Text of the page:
Dan
1 year 8 months ago

This is completely misleading and factually incorrect statement. Yes the Dodgers average ticket price for 2013 is $22.37. However you are way way off on NFL prices. The Redskins come in at an average of $94.80. Also you need to factor in the vastly different amount of home games in a season. So let’s do some basic math.

$22.37×81 home games= $1811.97 per seat a season
$94.80×8 home games = $758.40 per seat a season

Ok so NFL teams have larger stadiums so

$1811.97×56,000 seats= $101,470,320 possible regular season ticket income
$758.40×85,000 seats= $64,464,000 possible regular season ticket income

It’s hard to say that there is no relation between ticket prices and player incomes.

Lionel Bossman Craft
1 year 8 months ago

Also there are 162 baseball games compared to like 14 football games so there is a much higher demand since the supply of games are less.

BlueSkyLA
BlueSkyLA
1 year 8 months ago

At most, only slightly. The biggest source of team revenue is media, by far.

justinept
1 year 8 months ago

Ticket prices aren’t dictated by payroll. They never have been, and they never will be. The Cubs had the 14th highest payroll in 2013 but the 3rd highest ticket price. The Dodgers meanwhile had a $216 million payroll but an average ticket price of $22.37. Consider this, an average Cubs ticket cost twice as much and the average overall ticket price for an MLB game was $27.73. See – there’s zero correlation. Ticket prices are dictated by supply, demand and location.

AVinny GarSac
1 year 8 months ago

You exclude the amount of cash the Cubs paid other teams in 2013 for former players. If you add that to the mix, the Cubs were amongst the top 10 teams in baseball in terms of payroll. They are also one of the cheapest teams to watch on TV, if you are in their broadcast market/region. Second, the Dodgers obtained a windfall broadcasting deal that has allowed the to splurge as they have in recent years. It’s also forced fans to pay nearly double what they had been in order to watch the games on TV, and the network that purchased those rights is indicating that they may put the games on a subscription station in the next couple of years. There’s a reason I put more in my statement than just ticket prices.

Eventually, a team has recoop the costs of these contracts. There are only a few means of which they can effectively do so. After the money from longterm broadcasting deals has been used… where will they turn? When the Dodgers outspend their new boost in revenue, where will the rest of the money come from? The raising of ticket and concession prices. Just as the Cubs are hoping to increase their revenue with advertising around Wrigley, a new hotel, and eventually a larger broadcast deal.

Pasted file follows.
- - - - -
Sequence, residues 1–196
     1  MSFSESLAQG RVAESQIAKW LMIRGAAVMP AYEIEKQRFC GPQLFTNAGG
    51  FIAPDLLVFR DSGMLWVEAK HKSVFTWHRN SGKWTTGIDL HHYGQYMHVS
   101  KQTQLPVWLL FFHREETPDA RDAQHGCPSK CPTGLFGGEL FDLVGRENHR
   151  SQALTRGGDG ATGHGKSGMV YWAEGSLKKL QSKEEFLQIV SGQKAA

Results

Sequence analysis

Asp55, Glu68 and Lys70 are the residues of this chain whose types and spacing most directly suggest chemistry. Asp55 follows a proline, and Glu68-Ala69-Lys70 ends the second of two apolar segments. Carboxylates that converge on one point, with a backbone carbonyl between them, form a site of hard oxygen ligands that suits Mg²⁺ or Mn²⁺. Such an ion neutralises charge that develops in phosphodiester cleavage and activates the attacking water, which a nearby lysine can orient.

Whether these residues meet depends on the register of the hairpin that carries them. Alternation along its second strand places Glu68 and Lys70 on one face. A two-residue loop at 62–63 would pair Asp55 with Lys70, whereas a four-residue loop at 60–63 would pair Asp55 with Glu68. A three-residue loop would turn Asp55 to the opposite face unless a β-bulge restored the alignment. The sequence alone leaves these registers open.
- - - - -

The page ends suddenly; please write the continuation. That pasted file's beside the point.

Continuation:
justinept
1 year 8 months ago

What former players are you talking about? Soriano was included in that figure as was Garza and Marmol … If you’re referring to Zambrano, his contract came off the books following the 2012 season. Other than that, the Cubs weren’t really paying anyone besides Edwin Jackson at $13 million. The next highest paid player on the payroll was Castro at $5.8 million.

As for the TV revenue portion of the argument, it’s irrelevant to the argument. You’re adding multiple factors into the mix at this point. Why not also include merch revenue, concessions revenue, parking revenue and sponsorship revenue as well? We can also throw in the costs of ballpark maintenance, potential ballpark rental fee, the front office staff, the coaching staff, the minor league development fees, and any other number of things the team pays for besides the players… The argument is still there – ticket prices do not determine payroll.

BlueSkyLA
BlueSkyLA
1 year 8 months ago

I’m sure AL fans aren’t going to want to hear this, but the real solution is to get rid of the DH. Note that none of these absurd deals (in terms of years) go to players signing with NL teams. Over the years, the pattern has become all too obvious: position players are signed to contracts that take them well beyond the age when they can reasonably be expected to play a position. All of these contracts come from AL teams. Get rid of the DH, and players like Cano can’t demand contracts that run until age 40 and beyond. At most they sign into their mid or late 30s, and then have to go year-to-year after that, as their health and ability to play a position justifies.

Damon Selman
1 year 8 months ago